“Emerging data indicate vaccine-induced protection against infection and mild to moderate disease wanes more rapidly than was observed with prior strains,” said Ugur Sahin, CEO of BioNTech. “This study is part of our science-based approach to develop a variant-based vaccine that achieves a similar level of protection against Omicron as it did with earlier variants but with longer duration of protection.”
The SARS-CoV-2 Omicron variant causes less severe disease than the Delta variant that went before, even though it is better at escaping immune protection provided by vaccination or previous infections.
The reasons for this have so far remained elusive, but now a new study by scientists at Kent University and the Goethe-University Frankfurt has shown Omicron is particularly sensitive to inhibition by the interferon response, a non-specific immune response that can be triggered by every cell in the body.
They say this explains why COVID-19 patients infected with the Omicron variant are less likely to experience severe disease.
Martin Michaelis of the School of Bioscience at Kent University, said, “Our study provides for the first time an explanation why Omicron infections are less likely to cause severe disease. This is due to [the fact that] Omicron, in contrast to Delta, does not effectively inhibit the host cell interferon immune response.”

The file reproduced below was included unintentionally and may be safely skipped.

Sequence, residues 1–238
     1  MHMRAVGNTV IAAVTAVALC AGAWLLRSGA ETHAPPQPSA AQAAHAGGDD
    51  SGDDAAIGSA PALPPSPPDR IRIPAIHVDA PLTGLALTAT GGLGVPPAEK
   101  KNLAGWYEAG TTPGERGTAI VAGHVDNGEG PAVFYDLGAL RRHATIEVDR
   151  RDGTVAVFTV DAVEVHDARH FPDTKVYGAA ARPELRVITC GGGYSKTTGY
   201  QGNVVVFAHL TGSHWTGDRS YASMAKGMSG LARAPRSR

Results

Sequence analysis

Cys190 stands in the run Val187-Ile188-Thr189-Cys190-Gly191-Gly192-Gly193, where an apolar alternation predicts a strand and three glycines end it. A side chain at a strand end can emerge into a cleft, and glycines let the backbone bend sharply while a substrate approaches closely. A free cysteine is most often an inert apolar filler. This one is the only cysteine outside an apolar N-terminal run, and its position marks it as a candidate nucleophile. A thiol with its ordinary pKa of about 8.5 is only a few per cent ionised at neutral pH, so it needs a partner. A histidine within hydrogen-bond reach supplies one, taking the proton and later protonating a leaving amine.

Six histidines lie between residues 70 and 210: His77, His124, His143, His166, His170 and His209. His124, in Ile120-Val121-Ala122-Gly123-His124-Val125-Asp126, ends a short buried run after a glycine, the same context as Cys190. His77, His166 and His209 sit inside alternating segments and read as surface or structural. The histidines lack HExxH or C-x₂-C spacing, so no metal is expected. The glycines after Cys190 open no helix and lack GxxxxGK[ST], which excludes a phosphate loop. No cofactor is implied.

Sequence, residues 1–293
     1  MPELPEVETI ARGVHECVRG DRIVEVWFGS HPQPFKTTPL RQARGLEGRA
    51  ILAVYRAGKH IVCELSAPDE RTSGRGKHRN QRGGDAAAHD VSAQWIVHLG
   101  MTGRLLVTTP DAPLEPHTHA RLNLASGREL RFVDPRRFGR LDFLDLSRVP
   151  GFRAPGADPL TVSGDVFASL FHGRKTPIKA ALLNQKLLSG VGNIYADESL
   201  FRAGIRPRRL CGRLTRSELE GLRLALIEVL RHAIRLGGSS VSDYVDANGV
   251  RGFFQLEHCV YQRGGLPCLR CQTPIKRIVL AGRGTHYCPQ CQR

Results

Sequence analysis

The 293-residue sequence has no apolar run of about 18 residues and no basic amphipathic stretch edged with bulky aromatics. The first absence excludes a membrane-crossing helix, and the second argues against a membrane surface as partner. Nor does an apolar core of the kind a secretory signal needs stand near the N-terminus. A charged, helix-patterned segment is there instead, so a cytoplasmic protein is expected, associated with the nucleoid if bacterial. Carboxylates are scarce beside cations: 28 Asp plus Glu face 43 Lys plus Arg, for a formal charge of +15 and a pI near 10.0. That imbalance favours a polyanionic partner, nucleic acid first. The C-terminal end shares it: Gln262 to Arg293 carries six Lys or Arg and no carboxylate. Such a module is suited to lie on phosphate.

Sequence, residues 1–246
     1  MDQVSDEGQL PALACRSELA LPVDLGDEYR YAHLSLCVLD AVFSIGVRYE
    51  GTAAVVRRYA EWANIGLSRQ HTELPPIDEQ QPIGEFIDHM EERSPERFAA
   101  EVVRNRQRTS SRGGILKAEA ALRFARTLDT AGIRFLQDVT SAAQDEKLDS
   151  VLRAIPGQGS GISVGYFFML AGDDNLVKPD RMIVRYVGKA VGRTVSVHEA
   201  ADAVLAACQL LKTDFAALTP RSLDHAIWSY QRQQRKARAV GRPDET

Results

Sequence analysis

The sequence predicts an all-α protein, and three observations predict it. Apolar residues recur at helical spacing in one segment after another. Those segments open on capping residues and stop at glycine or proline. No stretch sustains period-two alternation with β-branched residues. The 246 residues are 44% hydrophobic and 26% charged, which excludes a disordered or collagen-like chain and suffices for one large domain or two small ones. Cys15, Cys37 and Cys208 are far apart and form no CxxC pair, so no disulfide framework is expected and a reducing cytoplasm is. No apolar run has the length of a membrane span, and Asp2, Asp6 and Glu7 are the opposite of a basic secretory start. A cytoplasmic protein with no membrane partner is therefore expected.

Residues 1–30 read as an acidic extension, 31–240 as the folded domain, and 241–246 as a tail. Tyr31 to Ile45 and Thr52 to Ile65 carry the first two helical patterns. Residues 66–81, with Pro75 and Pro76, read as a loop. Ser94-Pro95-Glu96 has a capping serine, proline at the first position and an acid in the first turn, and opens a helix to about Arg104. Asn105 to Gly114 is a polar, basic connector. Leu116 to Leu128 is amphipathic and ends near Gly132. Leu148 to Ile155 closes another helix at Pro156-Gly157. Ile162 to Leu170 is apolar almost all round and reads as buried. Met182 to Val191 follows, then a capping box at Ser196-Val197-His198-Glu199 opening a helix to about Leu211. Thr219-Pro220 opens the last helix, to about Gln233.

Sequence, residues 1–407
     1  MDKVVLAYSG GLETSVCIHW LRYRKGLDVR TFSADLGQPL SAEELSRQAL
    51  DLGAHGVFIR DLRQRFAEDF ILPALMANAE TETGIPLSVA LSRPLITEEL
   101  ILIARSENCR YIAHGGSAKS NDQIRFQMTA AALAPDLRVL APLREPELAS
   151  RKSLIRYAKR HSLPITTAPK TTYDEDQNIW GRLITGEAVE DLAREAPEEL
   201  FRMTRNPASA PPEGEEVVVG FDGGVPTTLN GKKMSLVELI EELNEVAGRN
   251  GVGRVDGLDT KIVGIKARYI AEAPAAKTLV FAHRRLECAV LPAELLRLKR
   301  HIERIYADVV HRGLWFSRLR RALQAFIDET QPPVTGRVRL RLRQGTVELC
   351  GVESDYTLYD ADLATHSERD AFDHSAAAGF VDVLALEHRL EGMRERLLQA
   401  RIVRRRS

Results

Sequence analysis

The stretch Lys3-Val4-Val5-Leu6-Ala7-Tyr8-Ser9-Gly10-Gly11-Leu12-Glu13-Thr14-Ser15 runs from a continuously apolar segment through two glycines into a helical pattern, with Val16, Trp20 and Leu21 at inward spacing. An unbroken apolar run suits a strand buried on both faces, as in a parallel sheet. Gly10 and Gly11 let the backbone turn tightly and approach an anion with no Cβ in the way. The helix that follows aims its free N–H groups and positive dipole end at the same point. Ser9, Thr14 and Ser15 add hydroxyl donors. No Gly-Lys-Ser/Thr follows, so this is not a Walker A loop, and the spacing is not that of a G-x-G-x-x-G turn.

Although more transmissible, the study showed Omicron remains sensitive to eight of the most important antiviral drugs and drug candidates for the treatment of COVID-19. The same is not true of monoclonal antibody drugs designed to lock onto and neutralize the virus, which are mostly not effective against the Omicron variant.
The cell culture study the researchers carried out does not exactly reflect the more complex situation in humans, noted Jindrich Cinatl of the Institute of Medical Virology at the Goethe-University, but he said, “Our data provide encouraging evidence that the available antiviral COVID-19 drugs are also effective against Omicron.“